Two-thirds of the world’s population lives within 60km (37mi) of a coast.

There are many areas of the oceans that are suffering from manmade habitat destruction, but coastal areas are disproportionately affected. Humans show a preference for living near water – nearly two-thirds of the world’s population lives within 60 km of a coast.1 

As the global population grows, coastal land use and development increases. With development come far-reaching impacts on coastal ecosystems and the species dependent on them. Coastal areas are home to over 90% of all marine species, and these habitats are being lost at an alarming speed.Coastal habitats include estuaries, marshes, mangrove ecosystems, sea grass, and coral reef. These habitats serve as nurseries, breeding grounds, feeding spots, and the destruction of these habitats afflict repercussions to dependent species. An altered population structure of a species causes a domino effect throughout the whole chain web. And habitats don’t exist in isolation; most of them have inputs and outputs to other habitats that are, in turn, set off balance as well. 



Escalating pressures to develop coastlines for industrial purposes are increasing the rate of habitat destruction. Some causes are poorly designed development projects for residential or and commercial establishments; shipping port construction; shipping operations such as dredging, levees, and breakwater structures; chemical runoff; oil and gas related activities, water pollution, and the alteration of freshwater inflows. Spills of crude oil change the population distribution of, or even kill, hundreds of marine species and leave a toxic environment that can persist for years. Oil sediment has been detected as much as thirty years after an oil spill. The Rena oil spill in the Bay of Plenty, New Zealand killed an estimated 20,000 sea birds. 2

Another major ecological impact derives from the sediment remains of logging. When sediment loads enter the sea, it limits the penetration of the sunlight that primary and secondary producers need, thus modifies the whole food web. The sediment also smothers coral reefs and threatens dependent marine life. Coral reefs are critical, as they make up less than 1% of the ocean’s surface, but are home to 25% of all marine life. 3



As travel becomes cheaper and more widespread, nature tourism and recreation become a persistent cause of disturbance to coastal ecosystems. Tourism brings millions of scuba divers, snorkelers, kite surfers, and bird watchers into direct contact with reefs, wetlands, and mangrove forests. Well-meaning nature enthusiasts may unknowingly damage habitats with their boat anchors, fishing gear, and improper diving or snorkelling practices.



Agriculture is a necessity for human sustenance that has unfortunate effects on coastal habitats. Fertilizer, sewage, and soil runoff are a direct cause of eutrophication. During this process, the excess nutrients from runoff, rich in nitrogen and phosphorus, stimulate growth of algae in what is called an “algal bloom”. Algal blooms block sunlight and deplete the water and reefs of oxygen, which is required by the zooxanthellae in coral to photosynthesize and remain alive. Almost 600 square miles of reef have disappeared every year since the 1960s. This means the reefs are disappearing twice as quickly as tropical rainforest are. 4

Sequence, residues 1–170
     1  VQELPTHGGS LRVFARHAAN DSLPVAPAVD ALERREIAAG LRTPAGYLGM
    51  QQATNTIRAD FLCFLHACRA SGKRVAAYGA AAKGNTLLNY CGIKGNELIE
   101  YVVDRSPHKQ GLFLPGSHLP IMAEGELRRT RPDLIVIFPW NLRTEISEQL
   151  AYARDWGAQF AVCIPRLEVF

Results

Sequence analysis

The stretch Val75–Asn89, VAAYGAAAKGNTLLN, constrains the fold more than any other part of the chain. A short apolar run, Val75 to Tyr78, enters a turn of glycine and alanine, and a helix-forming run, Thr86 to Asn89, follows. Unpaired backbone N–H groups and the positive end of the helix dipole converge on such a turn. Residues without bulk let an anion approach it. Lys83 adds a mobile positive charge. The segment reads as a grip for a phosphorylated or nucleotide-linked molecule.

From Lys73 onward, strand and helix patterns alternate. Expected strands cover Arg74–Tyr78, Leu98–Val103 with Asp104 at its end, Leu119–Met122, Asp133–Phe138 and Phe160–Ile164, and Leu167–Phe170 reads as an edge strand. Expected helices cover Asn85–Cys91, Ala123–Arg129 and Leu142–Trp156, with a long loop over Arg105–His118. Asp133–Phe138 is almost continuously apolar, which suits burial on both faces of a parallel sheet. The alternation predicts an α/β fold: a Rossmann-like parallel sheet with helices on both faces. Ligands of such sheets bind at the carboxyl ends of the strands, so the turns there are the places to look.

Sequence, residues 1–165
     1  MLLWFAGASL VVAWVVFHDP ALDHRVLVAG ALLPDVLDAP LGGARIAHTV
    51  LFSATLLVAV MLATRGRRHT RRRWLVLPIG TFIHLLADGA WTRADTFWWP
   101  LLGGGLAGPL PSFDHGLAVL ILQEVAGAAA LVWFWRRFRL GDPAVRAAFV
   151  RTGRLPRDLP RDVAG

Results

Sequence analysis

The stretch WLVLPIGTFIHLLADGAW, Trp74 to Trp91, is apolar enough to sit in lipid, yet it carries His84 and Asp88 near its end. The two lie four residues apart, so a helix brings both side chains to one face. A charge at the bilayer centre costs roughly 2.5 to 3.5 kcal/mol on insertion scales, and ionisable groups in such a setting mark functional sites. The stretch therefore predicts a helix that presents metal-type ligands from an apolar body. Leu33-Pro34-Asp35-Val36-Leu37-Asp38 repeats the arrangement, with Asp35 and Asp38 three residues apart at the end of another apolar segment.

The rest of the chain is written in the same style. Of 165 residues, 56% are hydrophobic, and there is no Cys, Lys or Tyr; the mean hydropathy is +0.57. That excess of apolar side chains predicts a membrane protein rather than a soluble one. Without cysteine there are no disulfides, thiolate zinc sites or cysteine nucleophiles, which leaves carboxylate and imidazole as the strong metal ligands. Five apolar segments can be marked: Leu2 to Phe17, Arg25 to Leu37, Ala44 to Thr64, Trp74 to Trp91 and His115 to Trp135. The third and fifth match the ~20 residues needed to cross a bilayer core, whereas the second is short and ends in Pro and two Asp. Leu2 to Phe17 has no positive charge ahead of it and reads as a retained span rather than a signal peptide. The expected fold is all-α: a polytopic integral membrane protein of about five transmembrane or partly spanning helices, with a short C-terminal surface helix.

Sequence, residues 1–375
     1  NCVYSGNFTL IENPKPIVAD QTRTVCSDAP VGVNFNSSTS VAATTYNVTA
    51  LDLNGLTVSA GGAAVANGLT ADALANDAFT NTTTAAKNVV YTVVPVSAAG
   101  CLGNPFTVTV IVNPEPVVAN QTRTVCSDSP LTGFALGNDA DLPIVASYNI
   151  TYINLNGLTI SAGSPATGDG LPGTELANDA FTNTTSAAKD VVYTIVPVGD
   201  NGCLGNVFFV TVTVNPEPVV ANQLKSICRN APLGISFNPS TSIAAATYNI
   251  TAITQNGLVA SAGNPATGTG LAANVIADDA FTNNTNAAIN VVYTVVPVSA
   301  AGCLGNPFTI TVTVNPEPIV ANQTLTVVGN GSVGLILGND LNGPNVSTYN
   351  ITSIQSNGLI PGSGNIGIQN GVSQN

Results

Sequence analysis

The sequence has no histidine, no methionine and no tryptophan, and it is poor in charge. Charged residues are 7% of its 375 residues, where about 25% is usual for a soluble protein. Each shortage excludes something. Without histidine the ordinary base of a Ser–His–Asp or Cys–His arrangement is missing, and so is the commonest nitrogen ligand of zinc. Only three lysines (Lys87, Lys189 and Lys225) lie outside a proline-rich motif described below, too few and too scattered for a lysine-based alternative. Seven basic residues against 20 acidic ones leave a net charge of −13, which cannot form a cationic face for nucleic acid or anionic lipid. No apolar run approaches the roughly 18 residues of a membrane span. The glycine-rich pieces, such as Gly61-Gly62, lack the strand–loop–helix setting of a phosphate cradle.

As habitats disappear, not only marine species but also human communities suffer.


Aquaculture – fish and shellfish farming – are responsible for severe declines of productive ecosystems. Aquaculture may alter natural drainage patterns, increase salinity, or pollute coastal waters with pollutants and sediments.

An ecosystem that has been significantly disturbed by aquaculture is the mangrove forest. Commercial shrimp farming is responsible for 25% of all mangrove destruction! 5

As habitats disappear, not only marine species but also human communities suffer from the loss of resources. Healthy mangrove forests provide a habitat and nursery for fish species, filter salt water, collect sediment and protect erosion, and act as a buffer zone and protection from the impacts of storms and floods. In the past decades, 35% of all mangrove forests have vanished.6 Such a drastic loss spells out an increased exposure to natural forces.



While it’s hard to control the frightening rate of human population growth and the decisions of landholders and construction companies, you can take small steps to support the restoration and protection of coastal habitats.

1. Support and donate to the creation of marine parks, biosphere reserves, and Marine Protected Areas, where development is limited and fishing is prohibited.

2. Be a conscious consumer. Buy organic produce grown without pesticides, fertilizers, and other toxic chemicals. Carry a sustainable seafood guide so you can choose seafood obtained with nondestructive methods.

3. Support legislation that bans the dumping of sewage and chemicals into the oceans.

4. Be an ecologically respectful tourist by educating yourself on the impact your mode of recreation may have on local ecosystems.  Ask your dive shop, tour guide, or tour boat what steps they take to insure a no-impact experience.



  1. UN Atlas of the Oceans: Coasts and Coral Reefs. 2012.

  2. Fragile Earth. Mysterious Mass Animal Death List. 2012

  3. Roberts et al. Marine biodiversity hotspots and conservation priorities for tropical reefs. Science, 295. 1280-1284. 2002.

  4. Center for Ocean Solutions. Pacific Ocean Threats & Impacts: Habitat Destruction. 2012.

  5. Save Our Seas Foundation, Habitat Destruction. 2012.

  6. Millennium Ecosystem Assessment (2005) Ecosystems and Human Well-being: Synthesis Ip.2) Island Press, Washington DC. World Resources Institute ISBN 1-59726-040-1